Eleventh Circuit Revives Case Challenging Alabama’s Preemption of Birmingham’s Minimum Wage Law as Racially Discriminatory

On July 25, 2018, the Eleventh Circuit issued a unanimous published decision in Lewis v. Alabama, Eleventh Circuit Case No. 17-11009, reversing the district court’s dismissal of a lawsuit by fast food workers and other plaintiffs alleging that Alabama’s enactment of a law preempting all local minimum wage regulation, which was adopted in response to Birmingham’s decision to raise the minimum wage, was racially discriminatory.  The Eleventh Circuit held that plaintiffs had demonstrated the preemption law’s discriminatory impact, arising from the disproportionate number of Black workers in Birmingham who stood to benefit from the city’s minimum wage law.  The appellate court further held that the district court erred by applying the “clearest proof” standard, which it explained has no place in equal protection law.  Instead, the court applied the factors set forth in Village of Arlington Heights v. Metropolitan Housing Development Corp., 429 U.S. 252 (1977), and identified allegations in the complaint providing sufficient indicia of intentional discrimination to survive a motion to dismiss.  In doing so, the Eleventh Circuit emphasized that evidence of intentional discrimination may be circumstantial and that modern-day discrimination is seldom explicit.  Altshuler Berzon attorneys represented the plaintiffs on appeal.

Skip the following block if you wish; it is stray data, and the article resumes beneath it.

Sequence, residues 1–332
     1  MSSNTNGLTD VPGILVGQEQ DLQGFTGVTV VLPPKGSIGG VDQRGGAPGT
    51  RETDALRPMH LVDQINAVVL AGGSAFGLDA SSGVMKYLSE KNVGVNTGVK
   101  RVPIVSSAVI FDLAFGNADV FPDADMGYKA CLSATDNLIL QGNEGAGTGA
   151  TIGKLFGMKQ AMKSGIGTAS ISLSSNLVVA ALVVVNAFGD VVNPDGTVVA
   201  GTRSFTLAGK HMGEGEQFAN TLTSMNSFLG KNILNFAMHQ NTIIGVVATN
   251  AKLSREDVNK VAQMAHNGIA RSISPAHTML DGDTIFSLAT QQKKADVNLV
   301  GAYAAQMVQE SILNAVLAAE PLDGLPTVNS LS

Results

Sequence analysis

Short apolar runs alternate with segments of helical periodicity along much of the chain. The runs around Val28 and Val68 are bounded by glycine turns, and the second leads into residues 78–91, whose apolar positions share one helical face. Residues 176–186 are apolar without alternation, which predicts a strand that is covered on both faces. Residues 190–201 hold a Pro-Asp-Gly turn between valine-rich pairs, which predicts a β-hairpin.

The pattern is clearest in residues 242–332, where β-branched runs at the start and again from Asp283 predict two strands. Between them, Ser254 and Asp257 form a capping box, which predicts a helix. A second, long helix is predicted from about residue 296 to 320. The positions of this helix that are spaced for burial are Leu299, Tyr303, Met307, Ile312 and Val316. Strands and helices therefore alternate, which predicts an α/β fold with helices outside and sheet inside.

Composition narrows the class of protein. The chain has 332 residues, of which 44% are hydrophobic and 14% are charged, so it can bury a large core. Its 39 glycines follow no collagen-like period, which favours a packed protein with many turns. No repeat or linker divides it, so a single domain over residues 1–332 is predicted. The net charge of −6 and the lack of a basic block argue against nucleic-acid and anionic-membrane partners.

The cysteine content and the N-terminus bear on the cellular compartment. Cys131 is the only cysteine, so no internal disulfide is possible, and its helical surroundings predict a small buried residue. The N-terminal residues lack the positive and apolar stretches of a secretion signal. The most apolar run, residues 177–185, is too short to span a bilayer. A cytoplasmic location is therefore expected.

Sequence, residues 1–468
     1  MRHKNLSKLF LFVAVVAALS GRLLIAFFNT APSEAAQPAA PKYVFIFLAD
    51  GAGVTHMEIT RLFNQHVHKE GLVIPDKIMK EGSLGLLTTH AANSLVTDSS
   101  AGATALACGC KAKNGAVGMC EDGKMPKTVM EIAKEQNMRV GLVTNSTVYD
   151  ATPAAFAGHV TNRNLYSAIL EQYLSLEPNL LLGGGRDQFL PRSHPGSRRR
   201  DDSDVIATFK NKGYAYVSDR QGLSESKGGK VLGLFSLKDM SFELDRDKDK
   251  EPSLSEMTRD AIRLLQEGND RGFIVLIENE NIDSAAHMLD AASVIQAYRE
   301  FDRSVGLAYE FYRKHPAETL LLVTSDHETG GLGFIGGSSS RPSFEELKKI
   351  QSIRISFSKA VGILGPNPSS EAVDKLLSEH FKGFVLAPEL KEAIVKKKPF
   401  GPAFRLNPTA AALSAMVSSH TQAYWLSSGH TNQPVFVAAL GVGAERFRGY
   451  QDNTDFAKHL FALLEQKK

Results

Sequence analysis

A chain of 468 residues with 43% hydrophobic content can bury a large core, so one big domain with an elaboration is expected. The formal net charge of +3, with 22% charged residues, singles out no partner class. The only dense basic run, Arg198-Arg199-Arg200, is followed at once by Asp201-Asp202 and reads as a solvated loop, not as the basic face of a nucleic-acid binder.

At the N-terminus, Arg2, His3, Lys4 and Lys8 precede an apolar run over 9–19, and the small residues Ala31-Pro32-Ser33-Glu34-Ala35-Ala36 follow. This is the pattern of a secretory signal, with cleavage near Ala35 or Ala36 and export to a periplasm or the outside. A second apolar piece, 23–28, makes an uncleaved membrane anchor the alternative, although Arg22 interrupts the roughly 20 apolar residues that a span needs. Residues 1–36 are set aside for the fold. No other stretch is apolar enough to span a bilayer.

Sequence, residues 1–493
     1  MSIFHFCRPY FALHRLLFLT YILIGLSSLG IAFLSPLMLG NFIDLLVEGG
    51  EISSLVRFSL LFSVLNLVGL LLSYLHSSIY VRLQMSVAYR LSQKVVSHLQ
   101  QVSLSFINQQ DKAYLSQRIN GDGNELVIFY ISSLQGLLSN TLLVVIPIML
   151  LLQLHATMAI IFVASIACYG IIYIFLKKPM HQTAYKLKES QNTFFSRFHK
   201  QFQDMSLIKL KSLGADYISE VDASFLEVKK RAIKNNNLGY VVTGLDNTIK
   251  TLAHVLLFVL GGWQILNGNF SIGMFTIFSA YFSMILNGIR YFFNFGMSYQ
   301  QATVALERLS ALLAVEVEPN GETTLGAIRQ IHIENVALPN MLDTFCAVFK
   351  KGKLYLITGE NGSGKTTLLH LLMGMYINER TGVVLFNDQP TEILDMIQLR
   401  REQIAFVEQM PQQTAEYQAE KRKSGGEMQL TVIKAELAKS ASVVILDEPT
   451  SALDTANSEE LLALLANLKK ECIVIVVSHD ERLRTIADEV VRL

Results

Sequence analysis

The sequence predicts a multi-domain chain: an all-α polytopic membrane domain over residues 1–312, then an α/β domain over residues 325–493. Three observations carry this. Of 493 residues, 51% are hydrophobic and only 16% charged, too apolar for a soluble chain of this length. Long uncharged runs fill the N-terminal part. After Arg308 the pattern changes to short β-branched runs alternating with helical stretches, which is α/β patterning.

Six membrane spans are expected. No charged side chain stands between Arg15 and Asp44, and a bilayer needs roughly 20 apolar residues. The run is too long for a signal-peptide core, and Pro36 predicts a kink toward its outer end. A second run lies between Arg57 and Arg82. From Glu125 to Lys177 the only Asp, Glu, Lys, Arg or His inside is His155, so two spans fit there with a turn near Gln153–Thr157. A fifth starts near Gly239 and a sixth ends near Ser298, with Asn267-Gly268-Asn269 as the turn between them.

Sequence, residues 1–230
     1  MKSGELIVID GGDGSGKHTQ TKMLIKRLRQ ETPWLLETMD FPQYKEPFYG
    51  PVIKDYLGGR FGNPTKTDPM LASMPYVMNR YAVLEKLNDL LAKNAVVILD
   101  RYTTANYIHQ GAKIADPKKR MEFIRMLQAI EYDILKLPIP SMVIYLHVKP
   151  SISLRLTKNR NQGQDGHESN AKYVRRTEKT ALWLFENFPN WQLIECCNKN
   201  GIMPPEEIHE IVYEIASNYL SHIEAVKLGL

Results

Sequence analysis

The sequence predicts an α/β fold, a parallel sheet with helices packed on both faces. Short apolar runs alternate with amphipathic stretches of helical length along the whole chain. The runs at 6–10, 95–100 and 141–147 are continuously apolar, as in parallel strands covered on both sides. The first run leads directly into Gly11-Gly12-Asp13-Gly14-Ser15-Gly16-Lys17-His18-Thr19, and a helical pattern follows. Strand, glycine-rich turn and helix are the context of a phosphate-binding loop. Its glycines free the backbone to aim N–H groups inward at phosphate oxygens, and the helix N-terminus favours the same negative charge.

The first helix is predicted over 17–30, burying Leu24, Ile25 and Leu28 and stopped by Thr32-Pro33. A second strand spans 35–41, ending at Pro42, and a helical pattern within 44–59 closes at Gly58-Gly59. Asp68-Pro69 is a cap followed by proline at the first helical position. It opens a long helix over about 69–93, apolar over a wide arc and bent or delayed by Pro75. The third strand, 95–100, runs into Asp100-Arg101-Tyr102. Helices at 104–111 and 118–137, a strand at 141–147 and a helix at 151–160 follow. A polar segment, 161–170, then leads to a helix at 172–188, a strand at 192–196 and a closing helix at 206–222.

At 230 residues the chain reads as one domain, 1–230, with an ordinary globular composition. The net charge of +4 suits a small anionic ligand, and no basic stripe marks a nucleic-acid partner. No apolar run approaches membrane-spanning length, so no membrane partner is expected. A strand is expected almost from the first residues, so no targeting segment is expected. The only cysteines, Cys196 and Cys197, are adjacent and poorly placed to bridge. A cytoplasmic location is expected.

You can read the Eleventh Circuit’s decision here.

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